Australia and New Zealand vs. Northern Europe

Multiple authors have cited what may be called the “Australia/New Zealand” paradox.4) In his 2006 review,5) Diffey cites “overwhelming evidence that people living in Australia and New Zealand are exposed to considerably more solar UV radiation than those living in northern Europe.” The annual ambient solar UV radiation in southern Australia and New Zealand is about two to three times that in northern Europe (United Kingdom, Ireland, Scandinavia and the Baltic States), rising to more than a fourfold increase in northern Australia. Further, studies of individual exposure to sunlight demonstrate that median doses in Australia are appreciably higher than those measured in a similar cohort of subjects in England.

In the review, Diffey points to epidemiological evidence, which clearly shows that the latitudinal gradient-cancer connection does not hold true at least among a large selection of countries containing large numbers of gentically related people with similar skin types, which is important for the photosynthesis of vitamin D.

Building on Diffey's work, Moan et al, summarize the epidemiological data for the “paradox”:

For some cancers, there may even be a significant inverse latitude gradient. Differences in sun exposure habits and skin types can probably not explain this observation because the inverse relationship remains when we use CMM [cutaneous malignant melanoma] incidence rates as a crude measure for real UV exposures. However, taking more countries into consideration, we see that no reliable north–south gradient can be extracted. There is a large variation of the incidence rates by factors of ≈50 and 5 for prostate cancer and breast cancer, respectively. Even for countries at the same latitude, large differences are found.

Moan et al.6)

United States

In the case of the gradient in different rates of cancer supposedly observed in the United States. Darrell S. Rigel, M.D, president of the American Academy for Dermatology has also argued consistently that no scientific studies exist which prove the statement that low low levels of light exposure lead to increases in cancers and other diseases:

The claim is based on a study that finds that overall cancer rates are higher in the northeast United States, a location with lower sunlight levels than many other places in the country. Those making this claim conclude that since the Northeast has lower UV levels, this is the reason why cancer rates are higher in this region. However, several studies prove this theory is false. These include studies which show that cancer rates are low in the Northern Plains states – areas of the United States that have lower UV levels then the states in the Northeast. Furthermore, several regional studies have shown that the increased levels of cancer observed in the Northeast states are tied to levels of industrial pollutants rather than levels of UV light.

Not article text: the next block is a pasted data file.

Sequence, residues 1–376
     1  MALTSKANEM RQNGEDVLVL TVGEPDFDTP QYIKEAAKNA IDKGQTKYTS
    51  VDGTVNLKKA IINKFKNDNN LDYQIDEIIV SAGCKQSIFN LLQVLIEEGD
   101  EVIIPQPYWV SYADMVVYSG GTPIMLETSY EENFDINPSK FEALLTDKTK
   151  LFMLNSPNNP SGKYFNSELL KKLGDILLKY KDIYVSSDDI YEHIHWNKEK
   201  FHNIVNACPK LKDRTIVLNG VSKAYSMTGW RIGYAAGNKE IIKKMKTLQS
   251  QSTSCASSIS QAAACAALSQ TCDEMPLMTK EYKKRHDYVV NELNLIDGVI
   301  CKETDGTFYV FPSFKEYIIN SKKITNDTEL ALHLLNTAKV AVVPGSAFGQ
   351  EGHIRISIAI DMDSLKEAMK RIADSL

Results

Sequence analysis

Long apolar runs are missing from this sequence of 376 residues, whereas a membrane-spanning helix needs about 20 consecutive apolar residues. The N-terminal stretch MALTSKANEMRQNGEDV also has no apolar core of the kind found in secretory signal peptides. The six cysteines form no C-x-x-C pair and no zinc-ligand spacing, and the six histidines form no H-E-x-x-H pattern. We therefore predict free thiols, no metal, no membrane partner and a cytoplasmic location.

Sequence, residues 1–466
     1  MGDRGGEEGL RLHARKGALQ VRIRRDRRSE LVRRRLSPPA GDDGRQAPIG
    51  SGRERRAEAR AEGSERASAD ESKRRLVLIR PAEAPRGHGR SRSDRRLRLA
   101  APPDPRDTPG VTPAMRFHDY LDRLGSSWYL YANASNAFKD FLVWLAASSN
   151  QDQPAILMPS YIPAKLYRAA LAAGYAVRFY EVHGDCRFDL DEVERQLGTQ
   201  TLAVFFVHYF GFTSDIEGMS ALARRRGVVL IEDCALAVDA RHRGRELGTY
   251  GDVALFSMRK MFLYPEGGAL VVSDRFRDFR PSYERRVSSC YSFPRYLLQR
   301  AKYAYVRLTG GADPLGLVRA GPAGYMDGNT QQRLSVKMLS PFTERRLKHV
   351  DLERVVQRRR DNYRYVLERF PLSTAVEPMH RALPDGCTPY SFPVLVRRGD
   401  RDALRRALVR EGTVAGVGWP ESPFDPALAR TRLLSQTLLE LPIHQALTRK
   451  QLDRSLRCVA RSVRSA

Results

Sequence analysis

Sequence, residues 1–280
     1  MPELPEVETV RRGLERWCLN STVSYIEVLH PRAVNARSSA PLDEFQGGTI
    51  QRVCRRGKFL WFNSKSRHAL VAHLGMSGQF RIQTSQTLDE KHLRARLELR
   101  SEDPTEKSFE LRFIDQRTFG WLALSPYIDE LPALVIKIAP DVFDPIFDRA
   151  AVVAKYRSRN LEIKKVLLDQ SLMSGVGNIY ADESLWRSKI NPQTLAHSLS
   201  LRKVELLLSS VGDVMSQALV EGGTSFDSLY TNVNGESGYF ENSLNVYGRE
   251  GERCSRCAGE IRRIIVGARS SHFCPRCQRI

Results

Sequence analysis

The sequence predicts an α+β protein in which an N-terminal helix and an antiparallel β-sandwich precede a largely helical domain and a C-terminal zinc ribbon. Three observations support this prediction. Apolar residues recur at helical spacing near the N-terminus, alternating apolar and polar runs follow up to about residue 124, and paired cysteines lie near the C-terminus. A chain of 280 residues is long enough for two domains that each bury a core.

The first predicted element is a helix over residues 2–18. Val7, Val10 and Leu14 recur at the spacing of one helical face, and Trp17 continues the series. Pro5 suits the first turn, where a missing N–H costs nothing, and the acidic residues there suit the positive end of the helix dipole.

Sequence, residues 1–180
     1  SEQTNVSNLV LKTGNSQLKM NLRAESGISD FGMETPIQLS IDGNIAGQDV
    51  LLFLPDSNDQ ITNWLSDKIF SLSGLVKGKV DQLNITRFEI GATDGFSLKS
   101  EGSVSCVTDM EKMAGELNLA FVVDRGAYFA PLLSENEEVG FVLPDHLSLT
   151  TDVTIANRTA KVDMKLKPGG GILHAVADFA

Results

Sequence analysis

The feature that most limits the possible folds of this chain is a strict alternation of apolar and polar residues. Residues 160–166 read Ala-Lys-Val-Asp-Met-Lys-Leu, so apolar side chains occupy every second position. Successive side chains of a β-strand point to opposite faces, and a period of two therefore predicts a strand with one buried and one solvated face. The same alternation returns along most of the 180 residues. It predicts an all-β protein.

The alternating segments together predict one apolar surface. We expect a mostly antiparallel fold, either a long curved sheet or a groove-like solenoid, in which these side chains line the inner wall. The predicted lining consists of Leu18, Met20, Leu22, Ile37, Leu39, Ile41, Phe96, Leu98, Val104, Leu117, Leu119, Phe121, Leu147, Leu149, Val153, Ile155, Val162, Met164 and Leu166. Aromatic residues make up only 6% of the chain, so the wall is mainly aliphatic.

Darrel S. Rigel, MD

Multiple sclerosis

The latitude at which people spend their youth up to the age of about 15 years correlates with later risk of multiple sclerosis, with people who grow up closer to the equator having a lesser risk of disease onset.7) While a number of commentators have blamed vitamin D deficiency, Bains has argued that near-horizon sunshine is at fault.8)

A common precursor for multiple sclerosis is optic neuritis or inflammationThe complex biological response of vascular tissues to harmful stimuli such as pathogens or damaged cells. It is a protective attempt by the organism to remove the injurious stimuli as well as initiate the healing process for the tissue. of the optic nerve. Optic neuritis can be caused by directly looking at the Sun, something that few people willingly do, but inadvertently happens in locations far from the Equator, in which the Sun is often close to the horizon.

In addition to optic neuritis, multiple sclerosis is correlated with several eye symptoms including diplopia (double vision), nystagmus (jerky eye movements), ocular dysmetria (overshooting eye movements), and internuclear opthalmoplegia (lack of coordination between the eyes).

Causation – the elusive grail of epidemiology

Some have argued that the apparent latitude gradient in disease prevalence speaks for itself, but one cannot impute causation simply by looking at a map. In 2003, L.R. Karhausen wrote a paper entitled “Causation: the elusive grail of epidemiology.” In the review, Karhausen rebukes those who would place undue faith in conclusions based on observational epidemiological studies.

Actually, there is no experience of causation: events do not wear their causal credentials on their faces.

L.R. Karhausen 9)

Without a precise understanding of underlying disease mechanisms, researchers could just as well conclude, for example, that sunshine exposure causes teenage pregnancy.

Image from American Human Development Project of the Social Science Research Council. URL: http://measureofamerica.org/maps/